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STAR :  Strength Through Active Recreation 

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A new FREE resilience-based program for children of military families that builds self-esteem and leadership skills and allows children to grow and thrive: physically, emotionally and mentally.​ 
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Is this hula hooping or building confidence? 

It is both! It's building strength through active recreation.

Everyone needs skills and supportive people in their lives to help cushion them from problems they may encounter. Introducing even a few positive elements into their lives can shift the balance and help many children and youth flourish. Meaningful participation in the home, school and community contributes to the resilience of children; it increases their sense of connection while decreasing their sense of isolation. 

“In between the arts and crafts, games and activities, something special happens. Friendships blossom, self-confidence emerges, independence grows, and through it all, children build resilience to help them face new challenges as they grow up,” says Ben Ouellette, Vice President PSP Operations. “We are empowering children to lead healthier, happier lives by helping them learn how to handle life’s curve balls.”

Do not miss the fun and gains!  

The objective of STAR is to  increase the resiliency of participants to assist them in dealing with the challenges of military lifestyle.  Programming is based on the HIGH FIVE principles and guidelines.  Activities are focused on the 7 C’s of Resiliency.  Activities incorporate reflection and debriefings.

7 C's of Resilience

  • Competence
    Young people need to be recognized when they’re doing something right and to be given opportunities to develop specific skills. If your child shows a love or aptitude for a specific skill, activity or sport, let them know you’ve noticed and encourage them to keep practicing.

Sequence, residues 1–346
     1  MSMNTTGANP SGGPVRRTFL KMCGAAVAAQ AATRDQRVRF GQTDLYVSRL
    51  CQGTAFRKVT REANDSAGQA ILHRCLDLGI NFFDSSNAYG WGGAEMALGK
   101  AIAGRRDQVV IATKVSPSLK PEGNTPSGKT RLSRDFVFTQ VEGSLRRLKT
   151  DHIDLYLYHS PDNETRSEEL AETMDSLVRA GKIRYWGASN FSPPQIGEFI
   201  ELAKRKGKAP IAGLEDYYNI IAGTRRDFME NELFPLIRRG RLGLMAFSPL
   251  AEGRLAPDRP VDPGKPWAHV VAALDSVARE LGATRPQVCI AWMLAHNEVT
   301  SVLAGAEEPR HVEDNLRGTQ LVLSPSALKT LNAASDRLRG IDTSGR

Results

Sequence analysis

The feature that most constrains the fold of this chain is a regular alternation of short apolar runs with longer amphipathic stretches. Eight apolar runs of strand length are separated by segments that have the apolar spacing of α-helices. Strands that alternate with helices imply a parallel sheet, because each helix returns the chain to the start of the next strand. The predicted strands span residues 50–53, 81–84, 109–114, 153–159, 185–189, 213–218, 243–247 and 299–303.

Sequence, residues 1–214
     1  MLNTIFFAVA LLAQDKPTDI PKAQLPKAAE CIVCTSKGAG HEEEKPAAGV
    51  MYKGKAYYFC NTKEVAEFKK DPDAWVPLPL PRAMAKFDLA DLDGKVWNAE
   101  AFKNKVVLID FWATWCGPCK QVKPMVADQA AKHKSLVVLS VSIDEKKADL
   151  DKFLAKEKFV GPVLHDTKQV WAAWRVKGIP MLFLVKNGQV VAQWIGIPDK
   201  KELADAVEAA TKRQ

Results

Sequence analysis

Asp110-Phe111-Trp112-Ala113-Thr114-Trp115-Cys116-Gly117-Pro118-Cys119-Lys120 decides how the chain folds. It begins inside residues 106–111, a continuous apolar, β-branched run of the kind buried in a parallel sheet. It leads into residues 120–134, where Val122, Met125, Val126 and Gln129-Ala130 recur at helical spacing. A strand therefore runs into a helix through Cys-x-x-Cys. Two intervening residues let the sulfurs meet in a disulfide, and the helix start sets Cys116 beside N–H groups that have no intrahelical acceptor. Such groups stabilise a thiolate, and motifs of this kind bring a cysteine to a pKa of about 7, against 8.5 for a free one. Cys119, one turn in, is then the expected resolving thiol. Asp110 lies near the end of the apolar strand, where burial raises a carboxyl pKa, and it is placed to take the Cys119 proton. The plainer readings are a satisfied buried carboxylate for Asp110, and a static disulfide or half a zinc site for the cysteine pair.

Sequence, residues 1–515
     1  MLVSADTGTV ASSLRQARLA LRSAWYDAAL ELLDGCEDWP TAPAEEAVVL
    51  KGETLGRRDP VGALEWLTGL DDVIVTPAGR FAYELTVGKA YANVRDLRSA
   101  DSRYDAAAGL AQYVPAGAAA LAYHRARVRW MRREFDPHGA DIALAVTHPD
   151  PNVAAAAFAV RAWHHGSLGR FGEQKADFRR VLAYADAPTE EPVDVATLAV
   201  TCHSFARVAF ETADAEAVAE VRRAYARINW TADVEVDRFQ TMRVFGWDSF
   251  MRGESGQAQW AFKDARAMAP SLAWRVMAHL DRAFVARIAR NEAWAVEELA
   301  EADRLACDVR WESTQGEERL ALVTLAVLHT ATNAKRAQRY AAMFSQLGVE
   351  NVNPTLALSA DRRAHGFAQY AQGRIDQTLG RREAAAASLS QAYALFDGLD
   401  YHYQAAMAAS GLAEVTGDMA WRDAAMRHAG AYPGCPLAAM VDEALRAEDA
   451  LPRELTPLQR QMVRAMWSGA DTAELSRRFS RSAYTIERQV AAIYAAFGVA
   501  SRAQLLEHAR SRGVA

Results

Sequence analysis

• Confidence

    Confidence comes from building real skills that parents and educators can teach and nurture. Confidence can be easily undermined, but also bolstered by tasks and activities that push learners without making the goal feel unachievable. It’s why teaching the right skills to kids at an appropriate age is so important.

  • Connection

    Being part of a community helps kids know they aren’t alone if they struggle and that they can develop creative solutions to problems. Teams and clubs can provide this.  

  • Character

    Kids need an understanding of right and wrong and the capacity to follow a moral compass. That will allow them to see that they cannot be put down.

  • Contribution
    The experience of offering their own service makes it easier for young people to ask for help when they need it. Once kids understand how good it can feel to give to others, it becomes easier to ask for that same support when it’s needed. And being willing to ask for help is a big part of being resilient.
  • Coping

    Kids need to learn mechanisms to manage their stress by learning methods to both engage and disengage at times. Some strategies for doing this include breaking down seemingly insurmountable problems into smaller, achievable pieces, avoiding things that trigger extreme anxiety, and just letting some things go. After all, resilience is about conserving energy to fit the long game and kids need to know realistically what they can affect and what should be let go.

  • Control

    Kids need to feel like they have a degree of control over their lives and environment. This is why they push the limit.

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